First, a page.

- Accelerating economic growth in post-conflict Sri Lanka
Accelerating economic growth in post-conflict Sri Lanka
Despite emerging just five years ago from almost three decades of civil war, the island nation of Sri Lanka is on track to meeting most of the Millennium Development Goals.
Favorably located off the southern tip of India and with rich natural and human resources, Sri Lanka has until recently struggled to realize its growth potential. Years of military spending drained the public budget, forcing the country to rely on costly foreign borrowing and saddling it with an unsustainably high debt service burden.
But since the end of the war in 2009, the Asian nation’s economic fortunes have blossomed, with GDP growth averaging 7.6 percent in the period 2010–2012.
Remarkably, in spite of the lingering conflict, the country managed between 2006 and 2010 to halve the number of people living in absolute poverty. This was the direct result of poverty reduction efforts being more evenly spread across society.
These improvements, combined with a low population increase, have led to a gradual but steady increase in annual per capita income.
Today, Sri Lanka is not only on schedule to meet nearly all the MDGs, but according to the United Nations Development Program is an early achiever on 10 of the 21 indicators.
Maintaining this growth trajectory will require higher investment, and the government has already launched a comprehensive public investment program. This will address gaps in the country’s infrastructure and undertake reconstruction in the war-torn and disadvantaged areas of the North and East.
With the help of foreign donors, the government plans to spend around US$1.5–2bn a year on road and rail development, power production, port facilities, and water and sanitation, as well as on human capital development.
The aims are to create economic hubs around aviation, commerce, knowledge, energy and the maritime industry, in order to achieve a per capita income of US$4,000 by 2016 and reduce poverty and unemployment.
Connectivity has already improved through rapid progress in the construction of road, electricity and telecommunication infrastructure. Some sub-sectors such as port operations, tourism, construction and finance have been growing rapidly.
And concerted efforts are underway to increase agricultural productivity and boost the SME sector. With the improvements, Sri Lanka hopes to be in a position to tap into the promise inherent in its tourism sector.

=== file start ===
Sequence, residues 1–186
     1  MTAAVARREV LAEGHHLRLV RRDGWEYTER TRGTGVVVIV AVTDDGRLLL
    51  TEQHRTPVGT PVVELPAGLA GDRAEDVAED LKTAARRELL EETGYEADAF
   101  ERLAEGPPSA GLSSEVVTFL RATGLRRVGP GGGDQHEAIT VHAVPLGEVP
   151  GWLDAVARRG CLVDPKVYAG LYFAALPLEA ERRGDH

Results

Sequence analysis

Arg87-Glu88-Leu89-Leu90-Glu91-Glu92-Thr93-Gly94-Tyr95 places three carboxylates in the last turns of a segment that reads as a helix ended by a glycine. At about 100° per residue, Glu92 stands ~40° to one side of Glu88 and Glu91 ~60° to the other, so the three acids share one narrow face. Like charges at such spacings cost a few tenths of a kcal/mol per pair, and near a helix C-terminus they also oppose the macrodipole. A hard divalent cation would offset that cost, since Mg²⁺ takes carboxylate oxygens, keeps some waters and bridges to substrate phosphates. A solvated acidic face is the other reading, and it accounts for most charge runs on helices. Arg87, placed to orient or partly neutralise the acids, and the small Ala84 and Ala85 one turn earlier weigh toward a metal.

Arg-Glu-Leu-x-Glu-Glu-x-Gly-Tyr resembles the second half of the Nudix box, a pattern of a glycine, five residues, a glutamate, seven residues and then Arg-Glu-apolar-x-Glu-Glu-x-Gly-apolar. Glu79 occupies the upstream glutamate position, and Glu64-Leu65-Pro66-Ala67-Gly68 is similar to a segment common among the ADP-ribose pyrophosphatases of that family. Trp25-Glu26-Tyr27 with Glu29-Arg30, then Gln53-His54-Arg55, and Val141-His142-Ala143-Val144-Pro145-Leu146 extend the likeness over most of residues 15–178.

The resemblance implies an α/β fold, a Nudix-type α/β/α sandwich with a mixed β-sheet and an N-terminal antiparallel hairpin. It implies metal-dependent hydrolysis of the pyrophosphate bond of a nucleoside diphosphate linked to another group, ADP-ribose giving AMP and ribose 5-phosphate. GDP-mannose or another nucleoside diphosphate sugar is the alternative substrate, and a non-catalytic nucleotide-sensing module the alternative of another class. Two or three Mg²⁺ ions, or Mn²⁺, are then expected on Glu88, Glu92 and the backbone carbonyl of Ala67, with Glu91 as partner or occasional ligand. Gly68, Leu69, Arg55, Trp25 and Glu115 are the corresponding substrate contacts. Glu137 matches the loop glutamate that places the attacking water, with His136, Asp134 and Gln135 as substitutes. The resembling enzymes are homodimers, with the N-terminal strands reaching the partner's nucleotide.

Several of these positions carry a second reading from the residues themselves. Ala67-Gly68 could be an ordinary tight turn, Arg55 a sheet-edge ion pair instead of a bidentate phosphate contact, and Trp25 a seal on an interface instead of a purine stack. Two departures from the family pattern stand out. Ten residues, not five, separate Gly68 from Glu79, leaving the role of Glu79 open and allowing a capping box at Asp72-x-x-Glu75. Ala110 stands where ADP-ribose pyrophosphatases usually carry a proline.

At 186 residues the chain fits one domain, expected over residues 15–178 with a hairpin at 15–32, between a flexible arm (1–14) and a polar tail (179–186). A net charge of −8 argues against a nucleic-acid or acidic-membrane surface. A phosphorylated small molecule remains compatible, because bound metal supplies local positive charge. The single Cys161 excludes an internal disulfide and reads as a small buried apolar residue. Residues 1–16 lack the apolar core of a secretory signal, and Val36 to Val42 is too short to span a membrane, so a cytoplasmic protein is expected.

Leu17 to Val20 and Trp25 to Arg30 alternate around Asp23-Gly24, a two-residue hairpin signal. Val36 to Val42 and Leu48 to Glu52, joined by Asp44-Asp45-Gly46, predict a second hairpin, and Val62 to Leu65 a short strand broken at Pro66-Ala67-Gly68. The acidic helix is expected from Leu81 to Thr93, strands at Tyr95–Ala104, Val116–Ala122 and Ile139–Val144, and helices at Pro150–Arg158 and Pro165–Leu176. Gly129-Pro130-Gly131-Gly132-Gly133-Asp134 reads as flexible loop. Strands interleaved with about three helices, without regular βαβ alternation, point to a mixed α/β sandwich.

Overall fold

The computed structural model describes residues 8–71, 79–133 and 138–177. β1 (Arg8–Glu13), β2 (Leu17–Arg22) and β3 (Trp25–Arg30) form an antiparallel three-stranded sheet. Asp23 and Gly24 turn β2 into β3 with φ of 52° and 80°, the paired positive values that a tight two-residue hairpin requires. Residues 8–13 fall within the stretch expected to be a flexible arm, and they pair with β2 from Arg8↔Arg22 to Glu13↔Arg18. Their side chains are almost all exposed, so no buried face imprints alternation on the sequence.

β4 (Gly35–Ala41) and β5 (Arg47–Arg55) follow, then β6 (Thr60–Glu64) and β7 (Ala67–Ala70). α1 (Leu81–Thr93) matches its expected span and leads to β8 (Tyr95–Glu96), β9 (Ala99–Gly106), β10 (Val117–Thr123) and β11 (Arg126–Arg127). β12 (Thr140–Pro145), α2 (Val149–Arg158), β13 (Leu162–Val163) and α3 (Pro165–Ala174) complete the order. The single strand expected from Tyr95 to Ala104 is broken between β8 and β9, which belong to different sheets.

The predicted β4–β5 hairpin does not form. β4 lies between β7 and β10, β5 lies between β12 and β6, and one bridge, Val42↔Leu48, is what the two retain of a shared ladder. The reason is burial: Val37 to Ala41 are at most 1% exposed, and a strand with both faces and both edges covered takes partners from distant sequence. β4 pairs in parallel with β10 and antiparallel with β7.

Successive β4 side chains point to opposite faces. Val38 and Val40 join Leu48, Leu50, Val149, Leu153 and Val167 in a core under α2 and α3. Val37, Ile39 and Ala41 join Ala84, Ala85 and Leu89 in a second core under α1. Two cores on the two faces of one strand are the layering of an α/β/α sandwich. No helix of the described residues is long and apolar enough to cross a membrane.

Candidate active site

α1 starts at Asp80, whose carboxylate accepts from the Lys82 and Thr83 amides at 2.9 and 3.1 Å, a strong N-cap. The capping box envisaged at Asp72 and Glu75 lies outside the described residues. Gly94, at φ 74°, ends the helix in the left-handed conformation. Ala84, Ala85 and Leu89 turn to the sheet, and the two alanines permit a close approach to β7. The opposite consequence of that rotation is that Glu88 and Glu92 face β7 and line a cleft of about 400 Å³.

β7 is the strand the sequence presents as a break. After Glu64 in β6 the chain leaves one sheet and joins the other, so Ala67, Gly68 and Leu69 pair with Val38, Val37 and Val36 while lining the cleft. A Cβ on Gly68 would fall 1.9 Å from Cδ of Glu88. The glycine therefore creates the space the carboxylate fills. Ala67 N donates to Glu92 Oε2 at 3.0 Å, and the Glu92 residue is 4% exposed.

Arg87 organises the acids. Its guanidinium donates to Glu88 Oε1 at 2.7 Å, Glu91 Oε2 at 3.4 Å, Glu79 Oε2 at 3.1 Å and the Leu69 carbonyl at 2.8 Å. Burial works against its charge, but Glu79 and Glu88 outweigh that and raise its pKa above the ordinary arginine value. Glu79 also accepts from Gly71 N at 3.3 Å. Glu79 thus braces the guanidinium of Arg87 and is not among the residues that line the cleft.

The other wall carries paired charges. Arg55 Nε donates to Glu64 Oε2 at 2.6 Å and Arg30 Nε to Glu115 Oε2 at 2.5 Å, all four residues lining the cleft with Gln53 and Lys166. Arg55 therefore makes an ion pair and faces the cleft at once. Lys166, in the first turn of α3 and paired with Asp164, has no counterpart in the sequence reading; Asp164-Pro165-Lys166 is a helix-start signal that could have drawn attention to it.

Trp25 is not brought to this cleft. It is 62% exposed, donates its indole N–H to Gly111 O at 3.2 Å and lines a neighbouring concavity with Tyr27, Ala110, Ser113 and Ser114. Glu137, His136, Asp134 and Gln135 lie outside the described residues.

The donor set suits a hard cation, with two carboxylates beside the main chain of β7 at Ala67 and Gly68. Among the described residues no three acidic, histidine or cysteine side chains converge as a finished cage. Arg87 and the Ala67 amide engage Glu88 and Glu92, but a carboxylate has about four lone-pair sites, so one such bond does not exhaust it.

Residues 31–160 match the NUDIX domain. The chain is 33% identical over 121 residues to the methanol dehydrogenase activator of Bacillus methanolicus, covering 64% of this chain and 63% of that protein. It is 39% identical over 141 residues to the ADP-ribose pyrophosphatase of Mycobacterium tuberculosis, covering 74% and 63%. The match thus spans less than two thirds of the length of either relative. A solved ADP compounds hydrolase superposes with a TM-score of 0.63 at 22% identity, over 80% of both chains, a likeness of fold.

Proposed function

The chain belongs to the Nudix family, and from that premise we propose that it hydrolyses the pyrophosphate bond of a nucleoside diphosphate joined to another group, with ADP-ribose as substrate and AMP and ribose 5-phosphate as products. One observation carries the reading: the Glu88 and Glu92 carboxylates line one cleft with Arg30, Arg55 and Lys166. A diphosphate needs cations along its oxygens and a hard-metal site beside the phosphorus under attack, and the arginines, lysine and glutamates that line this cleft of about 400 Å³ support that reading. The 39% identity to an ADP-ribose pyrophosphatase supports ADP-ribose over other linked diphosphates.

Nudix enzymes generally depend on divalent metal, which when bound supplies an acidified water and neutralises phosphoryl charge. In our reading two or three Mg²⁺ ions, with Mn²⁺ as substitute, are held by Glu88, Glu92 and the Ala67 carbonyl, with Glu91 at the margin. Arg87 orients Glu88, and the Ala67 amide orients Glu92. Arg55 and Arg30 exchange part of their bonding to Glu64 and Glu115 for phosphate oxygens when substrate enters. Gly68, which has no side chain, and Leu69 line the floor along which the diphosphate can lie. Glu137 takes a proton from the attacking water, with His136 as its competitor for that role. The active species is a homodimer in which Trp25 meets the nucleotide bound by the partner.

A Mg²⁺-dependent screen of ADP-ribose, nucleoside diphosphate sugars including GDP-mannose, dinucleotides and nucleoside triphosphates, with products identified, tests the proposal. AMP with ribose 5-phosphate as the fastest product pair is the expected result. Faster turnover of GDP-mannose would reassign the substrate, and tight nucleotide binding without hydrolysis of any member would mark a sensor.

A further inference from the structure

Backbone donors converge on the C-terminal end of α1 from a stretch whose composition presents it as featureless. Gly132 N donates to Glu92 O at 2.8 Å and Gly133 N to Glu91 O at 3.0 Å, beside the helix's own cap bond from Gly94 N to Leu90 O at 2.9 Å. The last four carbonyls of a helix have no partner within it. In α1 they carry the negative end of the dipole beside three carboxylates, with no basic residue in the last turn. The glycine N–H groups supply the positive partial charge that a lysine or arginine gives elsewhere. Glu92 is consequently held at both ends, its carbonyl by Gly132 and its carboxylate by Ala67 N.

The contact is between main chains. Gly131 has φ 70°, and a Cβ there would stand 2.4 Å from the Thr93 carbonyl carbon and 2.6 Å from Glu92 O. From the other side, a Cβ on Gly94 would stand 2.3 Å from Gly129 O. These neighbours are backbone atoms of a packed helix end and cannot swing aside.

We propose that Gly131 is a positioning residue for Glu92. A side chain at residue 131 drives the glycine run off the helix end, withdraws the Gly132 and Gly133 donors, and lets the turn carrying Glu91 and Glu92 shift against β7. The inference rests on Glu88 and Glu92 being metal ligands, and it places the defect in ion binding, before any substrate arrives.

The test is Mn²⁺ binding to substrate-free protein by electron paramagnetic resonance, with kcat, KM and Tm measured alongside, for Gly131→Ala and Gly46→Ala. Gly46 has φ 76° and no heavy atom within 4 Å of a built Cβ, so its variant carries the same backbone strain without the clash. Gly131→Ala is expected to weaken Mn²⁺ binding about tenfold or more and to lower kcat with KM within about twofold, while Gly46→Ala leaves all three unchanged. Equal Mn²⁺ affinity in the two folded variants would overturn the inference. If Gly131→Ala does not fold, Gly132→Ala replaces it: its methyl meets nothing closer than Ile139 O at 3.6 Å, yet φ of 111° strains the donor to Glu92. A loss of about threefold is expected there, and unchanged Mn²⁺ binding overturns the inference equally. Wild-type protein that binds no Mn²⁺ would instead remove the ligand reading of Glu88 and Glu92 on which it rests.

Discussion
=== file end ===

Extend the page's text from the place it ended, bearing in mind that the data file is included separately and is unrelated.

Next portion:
The economic benefits of the tourism industry are distributed to a larger cross-section of society, from fishermen, craftsmen, farmers, street vendors, tour guides and operators, up to the hotel industry.
With a huge range of beaches, heritage, wildlife, scenic beauty and adventure to offer, the goal is to boost tourism from the one million visitors received in 2012, to 2.5 million.
OFID’s role in rebuilding Sri Lanka
OFID enjoys a good, renewed relationship with the Republic of Sri Lanka. With the signature of the National Highways Sector Project in 2010, OFID re-established contact with the country after an enforced absence of some seven years due to the unstable political situation.
It is now part of OFID’s strategy to build upon this renewed cooperation through priority assistance to the development plans of this important South Asian country.
Shaimaa Al-Sheiby, who is responsible for OFID public sector operations in Sri Lanka, told the Quarterly that the government has devised a special program to expedite the rehabilitation and reconstruction of key highways and roads.
Most roads, she explained, had been left in a dilapidated condition from the years of conflict. The successful restoration of peace and resulting economic expansion had led to increased traffic volumes, causing even further deterioration.
“The Sri Lankan Government has asked OFID to play a central role in this program to upgrade the country’s road infrastructure,” AlSheiby stated. OFID has already co-financed three projects under the program. The National Highways Sector Project was successfully completed in record time, while the Road Network Development Project and the Colombo National Highways Project are both progressing very well.
A fourth, the Western Province Road Development Project, was just recently approved and is yet to be signed. “OFID has an outstanding experience with the Sri Lankan Road Development Authority, which has proved to be very capable in implementing its projects,” added Al-Sheiby.
She went on to disclose that OFID was also considering a new highway reconstruction project, which would be co- financed with the Saudi Fund for Development.
With its troubled past behind it, Sri Lanka is an exciting place with an exciting future. At last it is on a path of sustainable and stable long-term growth and development.